An Appeal to Double Expenditures on Water
By Suvendrini Kakuchi
"Blue gold" returns to the center of international debate March 16-23, at the 3rd World Water Forum, in Japan. The host country is urging all nations to double financial and technical assistance to ensure safe water supplies. But will the world be willing to go that far?
TOKYO, (Tierramérica).- - Japan, host to the upcoming Third World Water Forum, will propose a doubling of global investment in order to achieve the goal set at the World Summit on Sustainable Development last year: cut in half the number of people who lack access to clean water by 2015.
More than 40 ministers gathered last week to discuss the draft of the Ministerial Declaration, proposed by Japan, which is expected to be approved by the Forum, to take place in the Japanese city of Kyoto, Mar 16-23.
According to the draft declaration, disseminated by the Japanese news agency Kyodo, the plain seeks a significant increase in government development assistance and in private investment, both at the national and international levels.
The text set out the goal that "each nation will double its financial aid and technical support in order to resolve the global water issue."
The Ministerial Declaration formulates ways to achieve substantial results and is not mere "rhetoric", Hideaki Oba, secretary general of the Forum, told Tierramérica.
And that is exactly what is needed to confront one of the planet's most pressing environmental problems: 40 percent of the global population lacks sufficient water for washing and for sanitation, according to a new report from the United Nations, published last week in the local Kyoto media.
The World Water Development Report (WWDR) is based on data from 23 UN agencies and convention secretariats, and is considered the most complete document on freshwater at the global level.
According to the report there are approximately 12,000 cubic kilometers of contaminated water on earth, and 2.2 million people die each year from illnesses associated with the lack of safe drinking water. Many of the victims are children.
And if concrete measures are not immediately implemented, says the document, by 2050 some 7.0 billion people -- of a projected population of 9.3 billion -- will suffer from the scarcity of water.
There must be a concrete commitment in Kyoto, and it should be as close as possible to the estimated expenditure of 10 to 40 billion dollars a year to achieve the Johannesburg goal of halving the population without clean water by 2015, says Gordon Young, coordinator of the World Water Assessment Program, in charge of drafting the WWDR.
The success of the Kyoto Forum, Gordon said in a conversation with Tierramérica, depends on whether a concrete action agenda is agreed, one that gives top priority to those who most need safe water sources.
The draft Ministerial Declaration urges the efficient use of water for agricultural purposes, the prevention of water pollution, ecosystem conservation, flood reduction and better management of water resources.
At the heart of the declaration is a "public-private partnership", joint efforts between government and private enterprise to ensure safe water.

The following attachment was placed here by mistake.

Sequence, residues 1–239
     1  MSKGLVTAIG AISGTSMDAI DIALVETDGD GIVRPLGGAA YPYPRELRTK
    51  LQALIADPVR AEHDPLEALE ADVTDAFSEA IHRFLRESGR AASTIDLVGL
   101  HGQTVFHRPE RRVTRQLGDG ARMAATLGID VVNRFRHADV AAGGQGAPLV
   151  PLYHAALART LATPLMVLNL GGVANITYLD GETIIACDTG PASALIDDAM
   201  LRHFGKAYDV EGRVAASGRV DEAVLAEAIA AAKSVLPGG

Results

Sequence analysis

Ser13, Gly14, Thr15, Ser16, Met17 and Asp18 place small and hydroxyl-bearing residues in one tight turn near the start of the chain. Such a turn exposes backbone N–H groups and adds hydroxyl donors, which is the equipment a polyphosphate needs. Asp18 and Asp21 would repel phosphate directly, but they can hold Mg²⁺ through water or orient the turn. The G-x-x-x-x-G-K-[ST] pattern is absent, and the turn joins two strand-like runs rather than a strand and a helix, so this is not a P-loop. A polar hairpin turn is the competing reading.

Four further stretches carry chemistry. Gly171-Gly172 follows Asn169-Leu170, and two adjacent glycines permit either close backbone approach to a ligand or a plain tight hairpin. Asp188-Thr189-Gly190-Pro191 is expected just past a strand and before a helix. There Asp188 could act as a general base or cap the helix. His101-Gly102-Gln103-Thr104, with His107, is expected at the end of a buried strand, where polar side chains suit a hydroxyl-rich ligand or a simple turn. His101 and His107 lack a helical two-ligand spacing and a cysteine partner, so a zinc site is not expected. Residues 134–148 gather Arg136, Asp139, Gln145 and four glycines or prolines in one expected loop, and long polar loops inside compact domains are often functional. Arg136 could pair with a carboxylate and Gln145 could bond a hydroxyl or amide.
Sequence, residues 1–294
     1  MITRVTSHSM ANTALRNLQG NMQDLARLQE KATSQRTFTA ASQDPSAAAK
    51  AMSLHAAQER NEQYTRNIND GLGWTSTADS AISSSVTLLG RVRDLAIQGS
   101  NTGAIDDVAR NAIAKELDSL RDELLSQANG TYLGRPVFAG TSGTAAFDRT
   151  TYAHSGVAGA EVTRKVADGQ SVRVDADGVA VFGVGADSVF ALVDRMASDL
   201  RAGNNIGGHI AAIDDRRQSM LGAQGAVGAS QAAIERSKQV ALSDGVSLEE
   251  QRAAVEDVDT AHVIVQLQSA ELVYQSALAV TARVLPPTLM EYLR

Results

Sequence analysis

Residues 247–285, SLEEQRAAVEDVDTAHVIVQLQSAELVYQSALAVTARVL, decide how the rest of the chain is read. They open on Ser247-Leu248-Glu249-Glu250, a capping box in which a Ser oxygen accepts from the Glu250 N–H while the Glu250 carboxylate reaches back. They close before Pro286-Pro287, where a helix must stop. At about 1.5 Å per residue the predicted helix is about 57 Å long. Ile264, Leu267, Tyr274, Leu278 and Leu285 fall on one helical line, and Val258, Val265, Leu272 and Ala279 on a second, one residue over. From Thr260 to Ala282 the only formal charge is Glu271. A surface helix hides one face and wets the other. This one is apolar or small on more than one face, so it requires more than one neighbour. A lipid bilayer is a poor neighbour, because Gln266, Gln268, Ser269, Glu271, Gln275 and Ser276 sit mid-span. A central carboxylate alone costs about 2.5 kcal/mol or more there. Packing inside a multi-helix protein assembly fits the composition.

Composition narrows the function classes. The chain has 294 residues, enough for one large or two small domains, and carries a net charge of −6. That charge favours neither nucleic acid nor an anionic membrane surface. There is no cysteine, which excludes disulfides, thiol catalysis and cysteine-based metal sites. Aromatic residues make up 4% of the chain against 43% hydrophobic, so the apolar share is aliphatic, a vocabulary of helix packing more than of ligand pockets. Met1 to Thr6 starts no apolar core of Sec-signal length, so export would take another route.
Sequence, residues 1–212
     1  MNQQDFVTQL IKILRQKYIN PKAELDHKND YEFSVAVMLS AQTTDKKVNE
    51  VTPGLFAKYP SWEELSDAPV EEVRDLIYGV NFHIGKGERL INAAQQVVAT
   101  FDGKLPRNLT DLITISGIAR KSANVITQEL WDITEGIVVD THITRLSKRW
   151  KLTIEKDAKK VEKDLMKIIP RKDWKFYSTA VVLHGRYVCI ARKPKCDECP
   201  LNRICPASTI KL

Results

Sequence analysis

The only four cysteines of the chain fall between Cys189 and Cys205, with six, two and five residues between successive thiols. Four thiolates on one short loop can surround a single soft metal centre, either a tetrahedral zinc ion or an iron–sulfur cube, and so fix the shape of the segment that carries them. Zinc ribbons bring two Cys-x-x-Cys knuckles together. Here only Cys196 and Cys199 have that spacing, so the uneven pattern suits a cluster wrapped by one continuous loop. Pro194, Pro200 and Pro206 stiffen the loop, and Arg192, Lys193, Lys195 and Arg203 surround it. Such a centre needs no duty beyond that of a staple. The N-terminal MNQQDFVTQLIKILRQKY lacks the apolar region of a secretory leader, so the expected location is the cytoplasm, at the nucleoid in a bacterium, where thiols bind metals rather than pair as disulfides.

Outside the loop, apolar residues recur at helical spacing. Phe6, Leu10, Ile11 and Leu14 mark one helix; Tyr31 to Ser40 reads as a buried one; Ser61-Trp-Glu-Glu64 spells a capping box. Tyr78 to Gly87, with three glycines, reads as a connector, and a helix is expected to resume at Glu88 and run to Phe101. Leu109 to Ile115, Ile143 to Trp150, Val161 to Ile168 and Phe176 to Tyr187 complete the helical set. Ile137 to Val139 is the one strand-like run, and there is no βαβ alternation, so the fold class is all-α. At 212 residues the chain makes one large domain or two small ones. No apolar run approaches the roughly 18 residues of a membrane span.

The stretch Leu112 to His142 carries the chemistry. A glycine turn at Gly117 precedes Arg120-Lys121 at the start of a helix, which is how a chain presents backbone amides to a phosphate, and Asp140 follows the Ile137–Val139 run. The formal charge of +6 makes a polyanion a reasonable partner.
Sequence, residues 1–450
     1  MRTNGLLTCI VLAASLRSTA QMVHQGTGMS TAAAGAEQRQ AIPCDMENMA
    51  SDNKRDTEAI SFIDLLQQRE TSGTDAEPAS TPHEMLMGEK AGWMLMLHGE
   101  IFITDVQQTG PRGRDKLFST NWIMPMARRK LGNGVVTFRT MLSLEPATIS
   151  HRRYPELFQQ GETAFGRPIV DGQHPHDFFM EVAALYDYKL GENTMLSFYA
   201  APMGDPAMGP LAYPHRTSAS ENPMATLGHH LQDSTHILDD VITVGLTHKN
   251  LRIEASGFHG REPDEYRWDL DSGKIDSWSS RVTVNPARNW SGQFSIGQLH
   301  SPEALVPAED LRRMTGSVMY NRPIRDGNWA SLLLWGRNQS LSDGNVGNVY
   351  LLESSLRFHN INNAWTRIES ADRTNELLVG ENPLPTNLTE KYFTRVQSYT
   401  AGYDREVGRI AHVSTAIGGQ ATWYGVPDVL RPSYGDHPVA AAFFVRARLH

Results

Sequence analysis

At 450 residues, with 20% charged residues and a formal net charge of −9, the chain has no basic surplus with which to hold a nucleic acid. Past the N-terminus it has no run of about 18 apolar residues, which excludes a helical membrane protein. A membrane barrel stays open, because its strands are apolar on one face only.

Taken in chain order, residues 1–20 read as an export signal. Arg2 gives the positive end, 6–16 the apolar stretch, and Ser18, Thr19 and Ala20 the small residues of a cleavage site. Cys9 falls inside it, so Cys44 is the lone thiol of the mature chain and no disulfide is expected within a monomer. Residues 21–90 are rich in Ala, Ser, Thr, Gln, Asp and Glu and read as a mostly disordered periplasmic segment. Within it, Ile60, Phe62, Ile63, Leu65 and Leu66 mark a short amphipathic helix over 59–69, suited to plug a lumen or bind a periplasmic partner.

The document calls for promoting such alliances, "while maintaining the necessary public control to protect the interests of the public in general and the poor in particular."
The authors of the draft have taken pains to resolve the different aspects of the water debate, Ryota Nakamura, an irrigation expert at Japan University, told Tierramérica.
Special reference to the poor takes into consideration the conclusions of the Second World Water Forum, held at The Hague, which highlights how water affects every aspect of life from health to human rights, the environment and politics.
World Water Action -- an overview of recently introduced projects around the world to improve water management -- is to be presented at the Forum.
It marks a step forward from the commitments made at The Hague, says Forum secretary Oba.
One of the more controversial issues on the table is the idea of privatizing water supply and distribution systems in developing countries, which some consider a means to provide revenue for technology to improve water sanitation, environment protection, and support irrigation schemes.
But activists argue that access to clean water is a basic human right and thus cannot be negotiated as a commodity. They also say that privatization paves the way for profit-seeking companies from rich countries to control the precious resource, leaving the poor vulnerable.
Another target of the Kyoto Forum is to develop a water cycle monitoring system, to be adapted to each country, says Taikan Oki, a professor at Tokyo University and head of the Research Institute for Humanity.
"A proper monitoring system will help developing countries to create a water management plan. For this to be successful we have to see technological transfer and financial support for developing countries," said Oki.
Oki explains the careful monitoring of water resources such as rainfall, rivers will result in a proper management system that will ease water scarcity," he explained.
Forum chief Oba is confident that the Forum will overcome obstacles standing in the way of creating appropriate responses to the water problems of each region.
"It is no use spending time on shallow debate at Kyoto. While conflicts remain, water also has the potential to foster regional cooperation," said the official.
* Suvendrini Kakuchi is an IPS correspondent.